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Farewell to the Chief: Top Cop Jordan Stepping Down 

You can add "Police Chief" to the help wanted list for the city of Bend. After almost a decade serving as the head of the

You can add "Police Chief" to the help wanted list for the city of Bend. After almost a decade serving as the head of the Bend Police Department, Chief Andy Jordan announced his retirement earlier this week.

The city council was told of Jordan's retirement at a work session Monday night and the city has yet to name a replacement to take over when he steps down at the end of March.

Andrea McCullough, the city's communications manager, told us that the city is hoping to name an interim police chief from inside the department within the coming week. The search for Jordan's permanent replacement is dependent on the ongoing hunt for a new city manager. Once the new manager is hired, he or she will oversee the recruitment of Bend's next police chief, McCullough said.

But given that the city manager hiring is still a few months out, the new permanent chief selection could loom even further out on the horizon.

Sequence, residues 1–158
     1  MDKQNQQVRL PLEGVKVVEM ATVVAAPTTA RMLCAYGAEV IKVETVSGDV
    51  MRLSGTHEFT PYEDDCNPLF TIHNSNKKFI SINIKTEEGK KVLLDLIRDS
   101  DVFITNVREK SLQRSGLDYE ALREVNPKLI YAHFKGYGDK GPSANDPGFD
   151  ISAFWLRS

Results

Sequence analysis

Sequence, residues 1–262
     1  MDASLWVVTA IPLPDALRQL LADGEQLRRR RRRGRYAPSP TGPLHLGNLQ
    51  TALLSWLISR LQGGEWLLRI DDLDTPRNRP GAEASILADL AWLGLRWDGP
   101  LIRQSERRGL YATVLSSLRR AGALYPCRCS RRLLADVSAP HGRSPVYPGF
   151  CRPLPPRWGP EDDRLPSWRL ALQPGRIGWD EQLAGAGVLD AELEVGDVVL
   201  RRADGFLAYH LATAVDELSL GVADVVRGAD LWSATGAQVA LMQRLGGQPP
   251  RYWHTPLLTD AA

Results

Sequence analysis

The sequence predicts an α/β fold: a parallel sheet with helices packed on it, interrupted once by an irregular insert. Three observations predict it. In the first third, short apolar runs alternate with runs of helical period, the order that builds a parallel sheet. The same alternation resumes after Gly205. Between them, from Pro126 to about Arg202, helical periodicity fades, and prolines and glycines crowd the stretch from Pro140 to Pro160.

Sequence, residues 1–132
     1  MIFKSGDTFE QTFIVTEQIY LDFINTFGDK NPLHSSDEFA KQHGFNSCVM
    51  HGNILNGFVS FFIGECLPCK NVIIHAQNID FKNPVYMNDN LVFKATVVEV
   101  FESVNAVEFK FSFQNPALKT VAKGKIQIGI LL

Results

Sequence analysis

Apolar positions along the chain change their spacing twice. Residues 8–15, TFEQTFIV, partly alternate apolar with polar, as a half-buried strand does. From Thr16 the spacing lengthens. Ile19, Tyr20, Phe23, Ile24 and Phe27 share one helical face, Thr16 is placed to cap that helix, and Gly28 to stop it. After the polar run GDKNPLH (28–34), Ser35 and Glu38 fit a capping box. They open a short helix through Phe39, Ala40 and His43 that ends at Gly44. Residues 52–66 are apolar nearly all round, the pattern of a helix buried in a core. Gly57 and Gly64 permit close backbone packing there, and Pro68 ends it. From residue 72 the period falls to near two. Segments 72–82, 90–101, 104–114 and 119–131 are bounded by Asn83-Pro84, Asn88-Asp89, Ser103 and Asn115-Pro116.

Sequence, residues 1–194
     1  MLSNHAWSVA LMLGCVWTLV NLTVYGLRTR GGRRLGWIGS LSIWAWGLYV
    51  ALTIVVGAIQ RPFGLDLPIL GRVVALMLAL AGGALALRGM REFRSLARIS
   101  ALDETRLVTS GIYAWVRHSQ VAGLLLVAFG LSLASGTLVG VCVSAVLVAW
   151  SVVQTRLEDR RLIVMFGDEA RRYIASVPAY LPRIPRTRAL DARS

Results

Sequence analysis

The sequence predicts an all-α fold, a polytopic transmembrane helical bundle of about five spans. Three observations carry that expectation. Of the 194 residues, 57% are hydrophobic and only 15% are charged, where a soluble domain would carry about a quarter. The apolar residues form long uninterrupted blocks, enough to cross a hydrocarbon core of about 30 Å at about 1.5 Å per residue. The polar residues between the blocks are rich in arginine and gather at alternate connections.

The 55-year-old Jordan oversaw significant changes in the city's population and dynamic during his time with the force. He became chief in 1999, but had served with the department since 1987, and had previously been on the force from 1981-84.

Bus Me Gently...Bus Me Slowly

There's probably a good slew of Bendites (and maybe some city councilors included in that slew) who would like to see the city's busses, and of course the seemingly never-ending problem with city buses, disappear. But that's not the case, as the city is now taking our transportation woes head on - or so it seems.

In an upcoming work session (Jan. 16), the city council is scheduled to receive a report from staffers outlining results of research concerning additions and replacements to the city's current fleet of busses (some of which are widely considered "lemons," even by city councilors). The report took into consideration a number of factors including the fuel economy, emissions, life cycle, and of course the operational costs of potential bus choices.

In the end, city staff recommended that the city purchase four Eldorado Aero Elite busses which could be delivered within the year, but also plan on eventually purchasing a 32-foot diesel-electric hybrid to be delivered in 2009-10. So, those hoping for a quick fix to the transit situation aren't in luck, as the purchasing and delivery schedule spans the next two years.

Purchasing the busses would get a boost from $336,000 in grants from the Federal Transit Administration - which would make up about 80 percent of the total cost, which is estimated at $420,000.

Meanwhile, the city is rumored to be pondering a November transit ballot, which could determine whether the city is in the public transportation game for the long haul.


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